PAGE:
“This important book addresses one of the most critical issues in faculty hiring at colleges and universities: systemic racism. Even while institutions increasingly talk about diversity, equity, and inclusion, they often overlook the processes where implicit and overt bias, marginalizing practices, and outdated understandings of academic work derail efforts to bring on those who offer new perspectives, research agendas, and instructional expertise. Gasman provides compelling arguments to counter existing hiring myths and uncovers a host of compelling perspectives.”—Marilyn J. Amey, Michigan State University
“Doing the Right Thing is incredibly relevant to this moment, as more colleges and universities are being challenged to reflect on the hard questions about the realities of faculty diversity at their institutions. Gasman demonstrates that credible and intentional practices are absolutely necessary for diversifying the professorial ranks. Without such a commitment, all the rhetoric of inclusive excellence becomes meaningless, and may in fact reproduce structures of power and exclusion.”—Mari Castañeda, University of Massachusetts Amherst
“For decades, American universities have discussed the need for diversity, transparency, and excellence in faculty hiring. So why do some of the best universities continue to miss the mark, if not altogether fail, to meet these expectations? Examining some of America’s most elite institutions, Doing the Right Thing provides insight about how institutional bias and hiring procedures influence discriminatory practices within faculty hiring.”—DaMaris B. Hill, University of Kentucky
“Doing the Right Thing could not be a more timely book. Looking at how progress toward diversifying faculty at colleges and universities has been on pause for many years, Gasman explains why ‘limited supply’ is not a credible reason for the underrepresentation of faculty of color, and she uncovers the exclusionary practices, closed networks, and lack of sincere interest that impede hiring and retention. This is a must-read for higher education leaders and public policymakers.”—Michael T. Nettles, senior vice president of Educational Testing Service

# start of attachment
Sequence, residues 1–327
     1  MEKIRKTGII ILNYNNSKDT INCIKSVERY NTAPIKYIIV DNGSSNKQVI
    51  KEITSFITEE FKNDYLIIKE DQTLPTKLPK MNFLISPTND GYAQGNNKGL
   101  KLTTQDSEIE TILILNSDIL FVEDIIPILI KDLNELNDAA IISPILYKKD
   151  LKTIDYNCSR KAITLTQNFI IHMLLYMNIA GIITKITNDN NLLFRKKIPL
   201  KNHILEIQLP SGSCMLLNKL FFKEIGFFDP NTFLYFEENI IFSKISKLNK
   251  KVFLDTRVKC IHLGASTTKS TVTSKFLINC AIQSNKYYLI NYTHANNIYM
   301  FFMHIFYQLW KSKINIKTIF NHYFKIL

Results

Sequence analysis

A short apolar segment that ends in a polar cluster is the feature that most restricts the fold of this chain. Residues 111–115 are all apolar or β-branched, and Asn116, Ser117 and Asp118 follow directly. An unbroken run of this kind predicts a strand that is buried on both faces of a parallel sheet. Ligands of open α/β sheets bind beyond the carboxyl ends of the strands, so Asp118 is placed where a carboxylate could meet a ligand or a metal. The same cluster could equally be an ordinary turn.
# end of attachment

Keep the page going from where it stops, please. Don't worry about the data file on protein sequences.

“Doing the Right Thing delivers an accessible, necessary toolkit for advancing racial diversity and equity among higher education faculty. Guiding readers beyond the myth that to pursue diversity is to surrender quality, Gasman provides a blueprint that institutions can follow for equitable, habitable, and thriving academic communities. Simply put, this book is a vital resource that deans, provosts, presidents, and search committees need in an era of racial reckoning."—Richard J. Reddick, University of Texas at Austin
“In Doing the Right Thing, Gasman offers a cogent analysis of how, despite the increase in supportive rhetoric and recent adoption of anti-racism statements, real changes in diversifying faculty have not yet become a strategic imperative for some of the most elite institutions in higher education. Through interviews, national data, and case examples, she powerfully demonstrates the deeply embedded barriers to change and what will be required to interrupt the status quo.”—Daryl G. Smith, Claremont Graduate University